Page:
For my part: I own a hybrid with decent fuel economy and I have committed myself to driving it no more than four days a week. I don't know if I am actually reducing the number of miles driven but I think so. By replacing my house, rather than trying to sell it to someone who would live in it or renting it, I will cut way back on wasted energy. This house leaks so much you could strain spaghetti in it.
1. Increase fuel economy for the world’s 2 billion cars from an average of 30 mpg to 60 mpg.
2. Cut back on driving. Decrease car travel for 2 billion 30-mpg cars from 10,000 to 5,000 miles per year, through increased use of mass transit, telecommuting, and walking and biking.
3. Increase energy efficiency by one-quarter in existing buildings and appliances. Move to zero-emissions plans for new buildings.
4. Decrease tropical deforestation to zero, and double the rate of new tree plantings.
5. Stop soil erosion and encourage local, organic agriculture: Apply "conservation tillage" techniques to cropland at 10 times the current usage. Choose local, organic food and diets with less meat.
6. Increase wind power. Add 3 million 1-megawatt windmills, 75 times the current capacity.
7. Push hard for solar power. Add 3,000 gigawatt-peak solar photovoltaic units, 1,000 times current capacity.
8. Increase efficiency of coal plants from an average of 32 percent efficiency to 60 percent, and shut down plants that don’t meet the standard. No net new coal plants; for new plants built, an equal number should close.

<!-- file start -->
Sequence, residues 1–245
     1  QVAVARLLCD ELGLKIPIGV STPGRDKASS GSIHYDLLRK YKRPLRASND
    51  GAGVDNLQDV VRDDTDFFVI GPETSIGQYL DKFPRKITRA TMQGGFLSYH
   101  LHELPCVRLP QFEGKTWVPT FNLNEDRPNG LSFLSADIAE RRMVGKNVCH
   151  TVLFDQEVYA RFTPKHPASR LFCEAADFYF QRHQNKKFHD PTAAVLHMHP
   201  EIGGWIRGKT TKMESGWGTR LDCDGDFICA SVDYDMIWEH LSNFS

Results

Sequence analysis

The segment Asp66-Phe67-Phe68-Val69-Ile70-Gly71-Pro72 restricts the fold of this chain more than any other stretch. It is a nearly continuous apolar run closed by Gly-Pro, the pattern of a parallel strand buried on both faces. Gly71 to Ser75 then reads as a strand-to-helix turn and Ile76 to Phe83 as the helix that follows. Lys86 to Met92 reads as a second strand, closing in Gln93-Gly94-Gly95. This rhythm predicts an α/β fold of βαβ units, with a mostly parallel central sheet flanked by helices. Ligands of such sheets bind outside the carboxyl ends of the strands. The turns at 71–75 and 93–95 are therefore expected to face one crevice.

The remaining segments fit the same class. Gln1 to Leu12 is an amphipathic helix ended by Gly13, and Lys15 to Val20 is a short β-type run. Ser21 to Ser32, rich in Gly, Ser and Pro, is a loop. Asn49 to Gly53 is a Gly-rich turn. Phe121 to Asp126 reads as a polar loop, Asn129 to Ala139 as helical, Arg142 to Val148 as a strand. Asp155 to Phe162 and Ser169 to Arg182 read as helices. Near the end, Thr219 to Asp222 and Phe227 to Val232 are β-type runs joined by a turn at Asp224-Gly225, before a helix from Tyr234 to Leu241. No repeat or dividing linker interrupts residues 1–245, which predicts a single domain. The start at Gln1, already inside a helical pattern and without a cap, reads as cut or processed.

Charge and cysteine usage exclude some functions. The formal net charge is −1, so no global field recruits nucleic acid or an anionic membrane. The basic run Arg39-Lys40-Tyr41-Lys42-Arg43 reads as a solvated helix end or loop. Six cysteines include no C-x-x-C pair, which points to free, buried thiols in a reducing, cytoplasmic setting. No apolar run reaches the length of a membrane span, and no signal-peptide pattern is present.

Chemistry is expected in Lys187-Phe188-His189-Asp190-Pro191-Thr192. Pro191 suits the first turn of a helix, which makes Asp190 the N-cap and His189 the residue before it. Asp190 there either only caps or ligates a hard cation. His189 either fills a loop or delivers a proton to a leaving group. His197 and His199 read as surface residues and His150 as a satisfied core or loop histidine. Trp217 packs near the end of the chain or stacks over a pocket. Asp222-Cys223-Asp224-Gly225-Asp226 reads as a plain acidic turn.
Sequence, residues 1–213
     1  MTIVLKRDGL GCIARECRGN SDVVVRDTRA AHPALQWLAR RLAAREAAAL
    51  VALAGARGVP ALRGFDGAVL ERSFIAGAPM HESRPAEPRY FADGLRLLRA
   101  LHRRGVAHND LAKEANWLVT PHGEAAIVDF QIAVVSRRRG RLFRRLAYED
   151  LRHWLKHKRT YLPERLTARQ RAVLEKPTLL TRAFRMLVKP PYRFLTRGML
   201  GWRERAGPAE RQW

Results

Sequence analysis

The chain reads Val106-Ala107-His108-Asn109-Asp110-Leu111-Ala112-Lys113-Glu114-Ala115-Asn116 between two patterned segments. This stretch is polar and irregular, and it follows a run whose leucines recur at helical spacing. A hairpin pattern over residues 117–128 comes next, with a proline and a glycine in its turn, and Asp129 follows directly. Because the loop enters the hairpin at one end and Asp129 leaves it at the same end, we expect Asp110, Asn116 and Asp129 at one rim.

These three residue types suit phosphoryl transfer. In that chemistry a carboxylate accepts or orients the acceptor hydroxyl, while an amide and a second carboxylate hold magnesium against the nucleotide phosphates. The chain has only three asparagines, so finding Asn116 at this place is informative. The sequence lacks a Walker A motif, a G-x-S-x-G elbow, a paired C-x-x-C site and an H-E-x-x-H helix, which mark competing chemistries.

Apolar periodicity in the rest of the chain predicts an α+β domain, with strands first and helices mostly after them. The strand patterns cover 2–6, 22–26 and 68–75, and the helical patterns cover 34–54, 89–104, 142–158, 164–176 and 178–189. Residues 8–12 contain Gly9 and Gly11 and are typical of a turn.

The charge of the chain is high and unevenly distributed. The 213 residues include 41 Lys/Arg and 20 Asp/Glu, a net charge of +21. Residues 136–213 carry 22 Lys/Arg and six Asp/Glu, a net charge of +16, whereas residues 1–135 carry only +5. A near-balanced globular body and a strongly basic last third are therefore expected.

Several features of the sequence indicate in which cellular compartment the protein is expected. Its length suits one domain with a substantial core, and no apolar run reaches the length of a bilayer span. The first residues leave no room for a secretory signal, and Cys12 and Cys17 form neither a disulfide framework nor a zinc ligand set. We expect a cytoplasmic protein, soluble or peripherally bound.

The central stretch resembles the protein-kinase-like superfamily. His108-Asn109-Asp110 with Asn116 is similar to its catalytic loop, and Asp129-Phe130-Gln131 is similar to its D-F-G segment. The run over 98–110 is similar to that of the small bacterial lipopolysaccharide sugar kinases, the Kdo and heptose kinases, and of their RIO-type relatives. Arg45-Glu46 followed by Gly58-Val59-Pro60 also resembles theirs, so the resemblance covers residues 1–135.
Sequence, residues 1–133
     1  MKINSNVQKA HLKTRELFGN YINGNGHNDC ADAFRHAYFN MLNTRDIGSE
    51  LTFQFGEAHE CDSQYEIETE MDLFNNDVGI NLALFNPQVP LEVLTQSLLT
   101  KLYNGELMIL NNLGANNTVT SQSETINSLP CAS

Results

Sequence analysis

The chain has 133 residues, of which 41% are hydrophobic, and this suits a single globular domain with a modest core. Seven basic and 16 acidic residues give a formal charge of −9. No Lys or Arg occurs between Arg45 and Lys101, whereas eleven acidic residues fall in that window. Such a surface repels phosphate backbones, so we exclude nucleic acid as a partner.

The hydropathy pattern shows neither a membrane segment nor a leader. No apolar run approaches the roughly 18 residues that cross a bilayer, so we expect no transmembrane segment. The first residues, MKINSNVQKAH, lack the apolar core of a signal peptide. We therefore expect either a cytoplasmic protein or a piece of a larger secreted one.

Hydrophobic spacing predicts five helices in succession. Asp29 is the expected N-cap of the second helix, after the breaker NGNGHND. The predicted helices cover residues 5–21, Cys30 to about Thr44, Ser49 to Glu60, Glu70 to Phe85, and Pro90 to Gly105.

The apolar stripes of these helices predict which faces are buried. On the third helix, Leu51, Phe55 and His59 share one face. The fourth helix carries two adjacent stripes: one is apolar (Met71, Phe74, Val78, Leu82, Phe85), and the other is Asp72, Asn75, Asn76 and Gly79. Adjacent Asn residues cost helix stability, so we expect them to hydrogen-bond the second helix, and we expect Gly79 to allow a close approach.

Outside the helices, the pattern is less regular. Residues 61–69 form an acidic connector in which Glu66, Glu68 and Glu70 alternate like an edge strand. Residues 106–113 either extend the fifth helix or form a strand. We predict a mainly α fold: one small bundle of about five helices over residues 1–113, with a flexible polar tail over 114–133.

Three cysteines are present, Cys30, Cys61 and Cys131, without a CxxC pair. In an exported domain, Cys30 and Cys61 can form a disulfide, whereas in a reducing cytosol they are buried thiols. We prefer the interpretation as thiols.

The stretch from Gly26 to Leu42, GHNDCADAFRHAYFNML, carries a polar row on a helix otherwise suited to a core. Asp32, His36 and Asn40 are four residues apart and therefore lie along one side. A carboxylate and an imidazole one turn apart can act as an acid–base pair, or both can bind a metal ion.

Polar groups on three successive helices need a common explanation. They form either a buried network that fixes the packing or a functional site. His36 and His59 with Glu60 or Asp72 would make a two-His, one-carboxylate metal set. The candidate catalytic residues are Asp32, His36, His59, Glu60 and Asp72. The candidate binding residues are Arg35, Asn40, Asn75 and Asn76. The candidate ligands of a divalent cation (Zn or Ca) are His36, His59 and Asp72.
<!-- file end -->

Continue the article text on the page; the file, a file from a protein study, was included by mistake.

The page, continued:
9. Replace 1,400 gigawatts of coal with natural gas, a four-fold increase in natural gas usage over current levels — a short-term step until zero-emissions renewable technologies can replace natural gas.
10. Sequester carbon dioxide at existing coal plants. Sequestration involves storing carbon dioxide underground, an unproven technology that may, nonetheless, be better than nothing.
11. Develop zero-emissions vehicles, including plug-in hybrids and electric vehicles powered by renewable energy.
12. Develop biomass as a short-term replacement for fossil fuel until better carbon-free technologies are developed — but only biofuels made from waste, and made without displacing farmland and rainforests.
This framework can help us think big and fast enough to avoid the worst consequences of climate change. If we are to achieve each wedge by 2054, the next 10 years must see major action. Anything less and we’re kidding ourselves.
The good news? We can do this. We have the technologies and the know-how. We can take many of these steps today, on our own. For the rest, we need to persuade our elected officials, contact our power companies and auto manufacturers, and demand action from those with decision-making power. The best news? Beating climate change opens the door to more jobs, energy security, progress against poverty, a cleaner environment, and a safer world — a better future for all of us.
-from the Co-op America Newsroom
The League of Conservation Voters is on board, with a petition to support the Markey-Platts bill, which would require better fuel economy. Sign it here.